4. Add the curry sauce and garbanzo beans, stir, and simmer 5 minutes until warmed through. Serve over brown rice.

Grilled Corn, Four Ways

Grilled corn is a summer staple in our kitchen. You'll love these four variations - garlic browned butter, curry yogurt, sriracha lime and miso

Summer corn is a bit of a religion in our house. Like tomatoes, it's one of those vegetables that should really only be consumed in season. If you've tasted fresh summer corn, just picked and straight off the cob, then you understand. After corn is picked, the natural sugars start to convert to starch and the corn loses it's sweetness. My husband's long commute to work takes him past acres of cornfields and each summer, he gives me daily updates on it's progress. As soon as it's ready, we eat grilled corn at least once a week. Something about those lightly charred, sweet kernels gets me!

Have you tried Mexican street corn? It's my absolute favorite way to eat it! But slathered with cheese, mayonnaise and crema, it's not exactly the most nutritious. When I got a shipment of Amaize sweet corn, I decided to play around and come up with some healthier grilled corn toppings. Between the flavor packed garnishes and naturally sweet Amaize corn, we were in heaven! My South Carolina friends can find Amaize corn at Food Lion through August. (Disclosure: This post was not compensated. I received samples of Amaize sweet corn, loved it and wanted to share with you fabulous readers!).

Sriracha-Lime Grilled Corn


  • 4 ears corn, husked
  • 1/4 cup plain yogurt
  • 1 tablespoon sriracha
  • Lime, for serving
  • Sliced green onion, for serving


  1. Heat a grill on medium-high. Place the corn directly on the grill and grill about 10 minutes total until charred on all sides.
  2. While corn is grilling, mix yogurt and sriracha. Slater over corn. Garnish with lime and green onion.

Miso Butter Grilled Corn


  • 4 ears corn, husked
  • 1 tablespoon butter
  • 1 tablespoon sesame oil
  • 1 tablespoon miso
  • Toasted sesame seeds, for serving


  1. Heat a grill on medium-high. Place the corn directly on the grill and grill about 10 minutes total until charred on all sides.
  2. While corn is grilling, warm butter, sesame oil and miso in a small skillet. Whisk together until combined. Serve corn drizzled with warm butter and garnished with sesame seeds.

Curry Yogurt Grilled Corn


  • 4 ears corn, husked
  • 1/3 cup plain yogurt
  • 1/2 teaspoon curry powder
  • Cilantro, for serving


  1. Heat a grill on medium-high. Place the corn directly on the grill and grill about 10 minutes total until charred on all sides.
  2. While corn is grilling, whisk together yogurt and curry. When corn is done, slather with curry yogurt and garnish with cilantro.

Garlic Browned Butter Grilled Corn


  • 4 ears corn, husked
  • 4 garlic cloves, minced
  • 2 tablespoons butter, preferably grassfed
  • Basil, for serving


  1. Heat a grill on medium-high. Place the corn directly on the grill and grill about 10 minutes total until charred on all sides.
  2. While corn is grilling, warm butter and garlic together in a skillet on medium heat. When butter starts to smell nutty and garlicky, turn off heat and remove skillet from stove. Serve corn with garlic butter and sliced fresh basil.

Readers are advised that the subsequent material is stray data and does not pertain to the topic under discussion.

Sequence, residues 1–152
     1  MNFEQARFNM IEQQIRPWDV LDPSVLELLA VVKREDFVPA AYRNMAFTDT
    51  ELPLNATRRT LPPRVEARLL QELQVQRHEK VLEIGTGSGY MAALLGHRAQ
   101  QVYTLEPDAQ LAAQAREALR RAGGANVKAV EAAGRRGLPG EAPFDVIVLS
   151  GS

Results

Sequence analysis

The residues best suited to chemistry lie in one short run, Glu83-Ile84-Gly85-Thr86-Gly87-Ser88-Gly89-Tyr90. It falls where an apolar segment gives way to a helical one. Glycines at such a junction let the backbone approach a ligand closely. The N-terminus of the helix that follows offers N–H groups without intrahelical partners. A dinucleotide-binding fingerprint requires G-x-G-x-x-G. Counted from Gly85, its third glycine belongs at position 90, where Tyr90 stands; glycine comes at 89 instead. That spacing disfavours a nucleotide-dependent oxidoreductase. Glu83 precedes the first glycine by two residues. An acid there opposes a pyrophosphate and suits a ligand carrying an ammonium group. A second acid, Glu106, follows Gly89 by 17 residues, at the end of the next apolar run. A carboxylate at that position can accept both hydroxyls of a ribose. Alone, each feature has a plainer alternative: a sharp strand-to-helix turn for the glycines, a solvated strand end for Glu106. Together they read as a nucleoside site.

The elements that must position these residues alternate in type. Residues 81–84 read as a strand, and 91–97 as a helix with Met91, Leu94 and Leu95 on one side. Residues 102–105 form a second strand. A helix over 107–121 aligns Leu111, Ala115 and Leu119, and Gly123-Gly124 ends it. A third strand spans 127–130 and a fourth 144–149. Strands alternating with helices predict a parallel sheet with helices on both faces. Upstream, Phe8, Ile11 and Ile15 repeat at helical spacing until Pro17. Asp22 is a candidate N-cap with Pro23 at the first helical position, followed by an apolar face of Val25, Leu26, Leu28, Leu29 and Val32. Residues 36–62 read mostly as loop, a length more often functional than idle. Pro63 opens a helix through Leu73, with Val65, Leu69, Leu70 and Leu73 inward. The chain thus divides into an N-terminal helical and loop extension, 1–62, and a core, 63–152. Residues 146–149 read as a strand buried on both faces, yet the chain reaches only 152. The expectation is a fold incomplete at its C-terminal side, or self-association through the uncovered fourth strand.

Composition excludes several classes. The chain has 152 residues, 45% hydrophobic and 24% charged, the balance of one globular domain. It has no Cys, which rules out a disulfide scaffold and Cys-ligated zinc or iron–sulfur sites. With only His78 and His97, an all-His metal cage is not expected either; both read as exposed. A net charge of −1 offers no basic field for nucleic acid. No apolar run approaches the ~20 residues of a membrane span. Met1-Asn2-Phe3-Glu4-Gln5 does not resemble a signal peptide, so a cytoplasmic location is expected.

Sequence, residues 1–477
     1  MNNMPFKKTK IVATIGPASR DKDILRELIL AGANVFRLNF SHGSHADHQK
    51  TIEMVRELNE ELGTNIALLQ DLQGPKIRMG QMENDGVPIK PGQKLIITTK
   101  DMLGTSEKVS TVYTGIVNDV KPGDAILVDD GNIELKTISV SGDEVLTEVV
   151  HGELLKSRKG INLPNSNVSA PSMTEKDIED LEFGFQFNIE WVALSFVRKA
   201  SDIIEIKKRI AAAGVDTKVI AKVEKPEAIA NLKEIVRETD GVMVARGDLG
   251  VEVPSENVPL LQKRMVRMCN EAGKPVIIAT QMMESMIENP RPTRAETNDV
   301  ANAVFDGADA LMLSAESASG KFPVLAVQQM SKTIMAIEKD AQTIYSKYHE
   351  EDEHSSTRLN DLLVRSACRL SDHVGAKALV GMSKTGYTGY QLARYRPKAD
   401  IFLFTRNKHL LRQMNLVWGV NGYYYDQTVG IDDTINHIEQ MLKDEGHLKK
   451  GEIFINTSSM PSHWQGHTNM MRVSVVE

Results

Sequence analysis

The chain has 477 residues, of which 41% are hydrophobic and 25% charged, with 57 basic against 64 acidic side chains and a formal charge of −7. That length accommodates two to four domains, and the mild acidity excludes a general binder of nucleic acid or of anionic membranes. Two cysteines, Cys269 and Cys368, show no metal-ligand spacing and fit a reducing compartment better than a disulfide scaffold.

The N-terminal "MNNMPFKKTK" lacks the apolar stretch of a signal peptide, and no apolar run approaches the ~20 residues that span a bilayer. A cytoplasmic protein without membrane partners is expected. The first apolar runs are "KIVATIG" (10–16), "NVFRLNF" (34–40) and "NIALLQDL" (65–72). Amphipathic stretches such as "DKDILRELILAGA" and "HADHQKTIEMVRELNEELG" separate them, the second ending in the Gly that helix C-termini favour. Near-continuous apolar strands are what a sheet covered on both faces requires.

Indian Shakshuka With Green Chutney

A traditional Middle Eastern of eggs poached in tomato sauce gets an Indian spin with coconut milk, ginger and Indian spices. My Indian shakshuka with green chutney is perfect for breakfast, brunch or dinner!

Egg lovers rejoice!

Last week, the committee that advises government's Dietary Guidelines announced they are dropping the longstanding warning against eating cholesterol-rich foods. The current guidelines are to limit daily cholesterol consumption to less than 300 mg. With almost 200 mg of cholesterol in one large egg, that warning didn't leave much room to indulge in a good sunny side up and over, despite multiple studies showing eggs do not raise cholesterol.

I, for one, was happy to hear this news. Although I clearly promote a plant focused diet, when it comes to animal based protein sources, pastured eggs are one of the best. In fact, nutritionally, I would place them right behind fish. Let's take a look at some of the benefits:

  • Pastured eggs, from chickens raised on their natural diet of grass, seeds, and insects, produce a yolk with over 600 mg of omega 3 fats. These fats are well known for heart health, but also have tremendous benefit for the brain. Omega 3s alleviate depression, improve cognition and have even shown efficacy in the treatment of schizophrenia.
  • Eggs are the richest food source of choline, an essential vitamin that 90% of Americans are not consuming adequate amounts of. Choline is needed to build cell membranes and to produce neurotransmitters, the signaling molecule in the brain.
  • An egg contains 10% daily needs of vitamin A, a critical nutrient for healthy skin and eyes.
  • Eggs are a rich source iodine and selenium, two minerals crucial for thyroid health. An egg contains 20% daily needs of iodine, a key component of thyroid hormones and 30% daily needs of selenium, a mineral which helps activate thyroid hormones. One of the thyroid glands many roles is regulating metabolism, so eggs may be particularly beneficial for weight control.
  • It's true, eggs raise cholesterol - but in a good way! Studies have found eggs can increase HDL cholesterol, the good kind that protects against heart disease.